This paragraph includes which type of allusion? 
Quarrying is a form of mining involving the extraction of of useful natural stone from a man-made open pit called a quarry by cutting, digging, or blasting.  (This annotation contains an image)
Paraphrase Daisy's thoughts on how humanity treats time. 
This sentence helps us understand how this book will read. The style of narrative mirrors memory; it is not linear, not chronological.  
Which of the following literary devices is being used when describing Culyer's thoughts?  
Watch this video to review different forms of irony and then answer the next question. (This annotation contains a video)
Eclampsia is an acute and life-threatening complication of pregnancy characterized by the appearance of tonic–clonic seizures (convulsions). This, probably along with the shock of birth not even knowing she was pregnant, is the cause of Mercy's death.  
The kitchen is the scene of both birth and death.  
Which of the following literary techniques is employed in this sentence? 


Did you know that you can look up any word in the text of the book or the text of the questions and answers? Just click (or press on mobile devices) the word you want to define and hold until the blue text selector pops up. When you release, a define option will appear. Since it's so easy to look up words, make sure you use this feature frequently... Is there a word on this page you need to look up? 
Barker's fascination with the western lady-slipper flower is an example of which of the following? 
We can see here that the point of view has changed from the first chapter. The "I" that is narrating is no longer baby Daisy. So who is the narrator now? 
Here we have the beginning of a detour from the standard narrative writing - a series of letters. These letters will alternate between Clarentine Flett writing to Cuyler Goodwill about his daughter, and Barker Flett to his father, Magnus Flett, mostly asking for money to support his mother, and the last letter is written by Barker to Culyer concerning Daisy. Why do you think that author decided to structure the novel in this way?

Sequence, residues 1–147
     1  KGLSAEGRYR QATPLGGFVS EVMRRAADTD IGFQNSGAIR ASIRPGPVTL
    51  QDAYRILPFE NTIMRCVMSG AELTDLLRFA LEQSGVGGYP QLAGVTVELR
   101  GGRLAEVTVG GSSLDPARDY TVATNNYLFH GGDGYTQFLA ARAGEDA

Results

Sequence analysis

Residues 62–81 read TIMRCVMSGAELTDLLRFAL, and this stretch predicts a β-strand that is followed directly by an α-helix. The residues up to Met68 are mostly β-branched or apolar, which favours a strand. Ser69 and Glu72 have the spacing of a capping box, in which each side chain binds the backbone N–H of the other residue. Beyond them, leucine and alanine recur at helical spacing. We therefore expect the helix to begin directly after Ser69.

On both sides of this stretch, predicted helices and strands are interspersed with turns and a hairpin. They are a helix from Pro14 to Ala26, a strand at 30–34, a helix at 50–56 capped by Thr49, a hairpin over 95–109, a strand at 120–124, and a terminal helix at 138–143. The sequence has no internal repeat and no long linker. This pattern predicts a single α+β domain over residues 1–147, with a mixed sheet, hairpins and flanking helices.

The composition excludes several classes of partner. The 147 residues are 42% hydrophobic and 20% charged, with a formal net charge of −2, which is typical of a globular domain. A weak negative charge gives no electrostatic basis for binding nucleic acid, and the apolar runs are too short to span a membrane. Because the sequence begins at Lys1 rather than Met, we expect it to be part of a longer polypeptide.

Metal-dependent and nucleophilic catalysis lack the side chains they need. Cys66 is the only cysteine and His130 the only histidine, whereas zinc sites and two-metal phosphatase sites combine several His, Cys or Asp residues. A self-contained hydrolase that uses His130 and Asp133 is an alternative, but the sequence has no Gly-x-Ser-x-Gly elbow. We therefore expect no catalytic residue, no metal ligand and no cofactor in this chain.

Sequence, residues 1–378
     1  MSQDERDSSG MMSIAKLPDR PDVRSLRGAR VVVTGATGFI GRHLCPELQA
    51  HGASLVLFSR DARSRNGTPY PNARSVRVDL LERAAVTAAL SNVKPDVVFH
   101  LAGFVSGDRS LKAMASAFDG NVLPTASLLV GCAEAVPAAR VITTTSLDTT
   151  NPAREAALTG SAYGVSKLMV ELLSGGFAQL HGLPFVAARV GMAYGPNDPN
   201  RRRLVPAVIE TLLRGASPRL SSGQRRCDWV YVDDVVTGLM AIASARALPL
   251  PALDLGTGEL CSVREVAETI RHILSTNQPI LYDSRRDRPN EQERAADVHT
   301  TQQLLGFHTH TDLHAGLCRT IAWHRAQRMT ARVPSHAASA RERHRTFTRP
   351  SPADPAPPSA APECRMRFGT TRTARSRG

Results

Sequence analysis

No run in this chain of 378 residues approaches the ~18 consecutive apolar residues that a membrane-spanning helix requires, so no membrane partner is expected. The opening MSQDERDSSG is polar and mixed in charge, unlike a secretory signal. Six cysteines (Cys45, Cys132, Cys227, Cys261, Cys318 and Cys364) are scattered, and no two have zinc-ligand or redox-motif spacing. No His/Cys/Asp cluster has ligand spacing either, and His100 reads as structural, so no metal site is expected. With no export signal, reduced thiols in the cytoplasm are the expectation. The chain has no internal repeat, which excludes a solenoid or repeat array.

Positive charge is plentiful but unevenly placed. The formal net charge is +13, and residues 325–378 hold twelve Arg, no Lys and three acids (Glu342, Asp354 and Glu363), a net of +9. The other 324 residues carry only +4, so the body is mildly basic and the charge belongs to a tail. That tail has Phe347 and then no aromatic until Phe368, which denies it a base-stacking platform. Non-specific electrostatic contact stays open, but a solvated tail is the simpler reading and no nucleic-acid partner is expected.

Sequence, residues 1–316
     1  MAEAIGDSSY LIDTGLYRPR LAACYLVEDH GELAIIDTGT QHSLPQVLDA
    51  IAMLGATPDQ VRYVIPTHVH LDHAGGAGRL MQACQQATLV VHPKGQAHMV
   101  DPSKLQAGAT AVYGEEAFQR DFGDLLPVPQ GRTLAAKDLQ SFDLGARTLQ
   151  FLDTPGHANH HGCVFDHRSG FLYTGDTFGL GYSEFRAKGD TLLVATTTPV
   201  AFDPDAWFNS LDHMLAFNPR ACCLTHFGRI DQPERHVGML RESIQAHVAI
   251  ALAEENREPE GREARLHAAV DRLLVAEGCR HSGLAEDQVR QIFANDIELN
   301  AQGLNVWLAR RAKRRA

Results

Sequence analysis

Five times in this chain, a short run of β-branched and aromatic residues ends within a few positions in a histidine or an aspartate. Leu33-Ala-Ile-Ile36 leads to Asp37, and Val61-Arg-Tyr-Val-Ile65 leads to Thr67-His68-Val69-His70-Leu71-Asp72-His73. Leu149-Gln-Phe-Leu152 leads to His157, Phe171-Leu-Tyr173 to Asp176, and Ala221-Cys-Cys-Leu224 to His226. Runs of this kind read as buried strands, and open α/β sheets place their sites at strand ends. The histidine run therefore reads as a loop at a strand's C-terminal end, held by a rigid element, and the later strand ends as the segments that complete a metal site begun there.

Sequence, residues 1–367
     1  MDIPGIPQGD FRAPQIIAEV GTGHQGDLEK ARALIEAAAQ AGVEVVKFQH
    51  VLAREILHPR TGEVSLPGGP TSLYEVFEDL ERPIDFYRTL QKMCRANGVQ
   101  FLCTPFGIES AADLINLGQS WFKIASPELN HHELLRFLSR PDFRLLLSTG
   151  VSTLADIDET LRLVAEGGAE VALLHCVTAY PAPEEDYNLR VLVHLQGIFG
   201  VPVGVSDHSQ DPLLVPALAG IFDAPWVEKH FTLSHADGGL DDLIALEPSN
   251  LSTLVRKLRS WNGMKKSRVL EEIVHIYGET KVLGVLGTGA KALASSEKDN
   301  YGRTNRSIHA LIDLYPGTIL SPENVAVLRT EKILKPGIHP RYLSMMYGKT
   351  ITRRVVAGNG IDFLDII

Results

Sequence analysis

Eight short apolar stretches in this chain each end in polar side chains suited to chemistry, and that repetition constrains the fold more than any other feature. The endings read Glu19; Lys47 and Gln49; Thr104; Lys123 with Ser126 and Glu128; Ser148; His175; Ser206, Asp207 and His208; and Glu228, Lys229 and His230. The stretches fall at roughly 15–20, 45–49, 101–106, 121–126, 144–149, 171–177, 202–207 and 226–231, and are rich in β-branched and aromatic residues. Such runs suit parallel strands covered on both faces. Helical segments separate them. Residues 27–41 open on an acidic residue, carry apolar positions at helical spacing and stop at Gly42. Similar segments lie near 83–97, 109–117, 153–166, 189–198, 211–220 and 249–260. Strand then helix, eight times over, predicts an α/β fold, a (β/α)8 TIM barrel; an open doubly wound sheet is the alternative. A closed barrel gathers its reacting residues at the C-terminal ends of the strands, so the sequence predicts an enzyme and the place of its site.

How does Clarentine Flett die? 
What does the stone tower symbolize? 
Answer: A husband whose wife does not know she is pregnant. (Of course, Cuyler doesn't know that Mercy did not know she was with child.) 
This excerpt explains how stones are symbolic for Cuyler Goodwill.  (This annotation contains an image)
How do Cuyler Goodwill and Barker Flett experience (for lack of a better term) spiritual enlightenment? 
How is the narrative structured? 
Carol Shields is a master of detail. In this excerpt, the use of detail evokes and time and place. Details can have many effects on a text, such as helping to define a character. 


Based on the description of Cuyler's extravagant clothing and recent business success, which of the following literary characters does he most resemble? (It's even the same time period!) 
Daisy and her father left for Bloomington in 1916 (the end of chapter 2), and Daisy gets married in 1927 (the beginning of chapter 3). A big chunk of her life story is missing. Why do you think the author chose to leave this part of her life out? 
On the train ride, Cuyler can be best be described as which of the following?  
What effect does the use of hyperbole have in this paragraph? 
This sentence uses a syntactical device called asyndeton, which is when you omit conjunctions in a sentence. Notice that this sentence does not include an "and" before the last item. The use of asyndeton changes the rhythm of rhetoric, either slowing it way down to create solemn drama or speeding it up to create a sense of urgency.  (This annotation contains an image)
The use of imagery here helps to create a ________________ atmosphere?